Millions of Americans have worked hard, saved for retirement and planned to give their remaining assets to loved ones when they pass away. If those assets involve tax-qualified retirement accounts like 401ks or IRAs, however, then you may want to contact an experienced estate planning attorney and discuss a charitable remainder trust.
As of January 1, 2020, non-spousal beneficiaries who inherit tax-advantaged retirement accounts will no longer be able to “stretch” annual required minimum distribution (RMD) payments over the course of their lifetimes. This was a longstanding practice that was virtually eliminated last year by federal legislation known as the Setting Every Community Up for Retirement Enhancement Act of 2019, or the SECURE Act. The law is intended to boost retirement savings for more Americans by expanding access to 401ks and IRAs, along with a number of other provisions, but costly changes were also included.
Prior to the SECURE Act, retirement account beneficiaries could opt for lifetime RMD payments and reap the benefits of continued tax-deferred account growth and reduced annual tax bills due to the lifetime period of distributions. Now, applicable retirement accounts must be liquidated within 10 years. That means less tax-deferred growth and higher tax liabilities for beneficiaries.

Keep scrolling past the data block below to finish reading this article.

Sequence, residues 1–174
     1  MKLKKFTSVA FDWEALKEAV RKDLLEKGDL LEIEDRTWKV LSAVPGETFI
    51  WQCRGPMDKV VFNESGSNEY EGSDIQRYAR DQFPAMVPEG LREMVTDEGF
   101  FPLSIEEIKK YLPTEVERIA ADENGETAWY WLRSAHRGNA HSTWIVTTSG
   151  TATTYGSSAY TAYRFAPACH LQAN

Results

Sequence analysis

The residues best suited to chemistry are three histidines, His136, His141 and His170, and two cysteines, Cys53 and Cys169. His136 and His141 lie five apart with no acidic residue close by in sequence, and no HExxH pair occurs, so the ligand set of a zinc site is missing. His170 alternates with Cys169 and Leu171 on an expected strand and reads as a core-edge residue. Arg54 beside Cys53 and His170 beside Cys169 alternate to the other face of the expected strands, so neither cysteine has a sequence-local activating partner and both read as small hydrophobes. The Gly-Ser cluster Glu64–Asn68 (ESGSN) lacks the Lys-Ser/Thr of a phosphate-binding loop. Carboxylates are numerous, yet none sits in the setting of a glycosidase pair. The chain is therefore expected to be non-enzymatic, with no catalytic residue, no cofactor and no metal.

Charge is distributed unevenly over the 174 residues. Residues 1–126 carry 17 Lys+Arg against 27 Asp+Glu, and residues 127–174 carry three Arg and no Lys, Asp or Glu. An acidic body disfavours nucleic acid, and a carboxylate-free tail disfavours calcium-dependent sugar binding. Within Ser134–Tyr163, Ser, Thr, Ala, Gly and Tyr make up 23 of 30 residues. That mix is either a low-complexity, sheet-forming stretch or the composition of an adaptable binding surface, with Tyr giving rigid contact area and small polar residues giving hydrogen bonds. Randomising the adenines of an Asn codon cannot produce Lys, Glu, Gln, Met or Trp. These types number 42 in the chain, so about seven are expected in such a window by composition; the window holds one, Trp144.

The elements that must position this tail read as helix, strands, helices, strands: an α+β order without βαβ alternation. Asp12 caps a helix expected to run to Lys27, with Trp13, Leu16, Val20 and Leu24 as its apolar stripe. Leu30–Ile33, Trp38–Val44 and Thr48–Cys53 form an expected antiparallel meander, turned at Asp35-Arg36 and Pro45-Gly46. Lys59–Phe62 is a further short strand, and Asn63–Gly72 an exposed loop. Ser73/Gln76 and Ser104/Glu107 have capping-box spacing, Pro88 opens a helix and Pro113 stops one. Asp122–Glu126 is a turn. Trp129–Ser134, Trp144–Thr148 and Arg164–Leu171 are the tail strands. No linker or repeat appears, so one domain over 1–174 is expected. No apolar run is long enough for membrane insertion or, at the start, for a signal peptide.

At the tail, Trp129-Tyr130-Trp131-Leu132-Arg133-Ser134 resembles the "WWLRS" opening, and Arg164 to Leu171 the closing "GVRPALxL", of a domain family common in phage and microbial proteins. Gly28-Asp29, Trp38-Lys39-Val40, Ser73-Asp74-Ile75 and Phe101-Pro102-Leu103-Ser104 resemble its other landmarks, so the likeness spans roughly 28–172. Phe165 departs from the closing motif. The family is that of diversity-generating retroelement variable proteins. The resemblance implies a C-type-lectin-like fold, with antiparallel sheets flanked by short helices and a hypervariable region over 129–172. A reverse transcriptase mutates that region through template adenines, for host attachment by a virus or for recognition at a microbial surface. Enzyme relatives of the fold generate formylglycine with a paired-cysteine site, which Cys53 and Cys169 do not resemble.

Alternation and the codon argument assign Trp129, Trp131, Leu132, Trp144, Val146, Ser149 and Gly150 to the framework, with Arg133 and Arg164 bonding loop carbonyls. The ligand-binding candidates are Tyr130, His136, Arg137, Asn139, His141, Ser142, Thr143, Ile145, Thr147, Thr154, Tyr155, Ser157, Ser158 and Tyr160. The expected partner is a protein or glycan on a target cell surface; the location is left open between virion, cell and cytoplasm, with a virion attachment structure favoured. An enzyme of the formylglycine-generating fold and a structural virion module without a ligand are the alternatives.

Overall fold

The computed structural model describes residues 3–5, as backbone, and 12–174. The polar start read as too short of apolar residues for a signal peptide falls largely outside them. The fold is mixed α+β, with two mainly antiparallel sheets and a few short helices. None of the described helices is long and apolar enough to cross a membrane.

A charitable remainder trust, however, can provide a solution. A charitable remainder trust is designed to generate income, reduce taxes and support philanthropic activity. Instead of bequeathing a tax-advantaged retirement account, like an IRA, directly to a non-spousal beneficiary, the account holder would make the charitable trust the beneficiary. Then, the account holder would select an individual, perhaps an adult child, to receive annual income payments from the trust for a specified period of time, including the adult child’s lifetime.
This mirrors the pre-SECURE Act stretch arrangement and includes the benefits of tax-deferred asset growth and lower annual taxes. Plus, after the specified period of time or the death of the adult child, remaining assets in the trust would be donated to a charity to help others.
We know this blog may raise more questions than it answers. If you or someone you know would like more information about charitable remainder trusts and how they might help protect your retirement accounts, do not wait to contact our law practice today.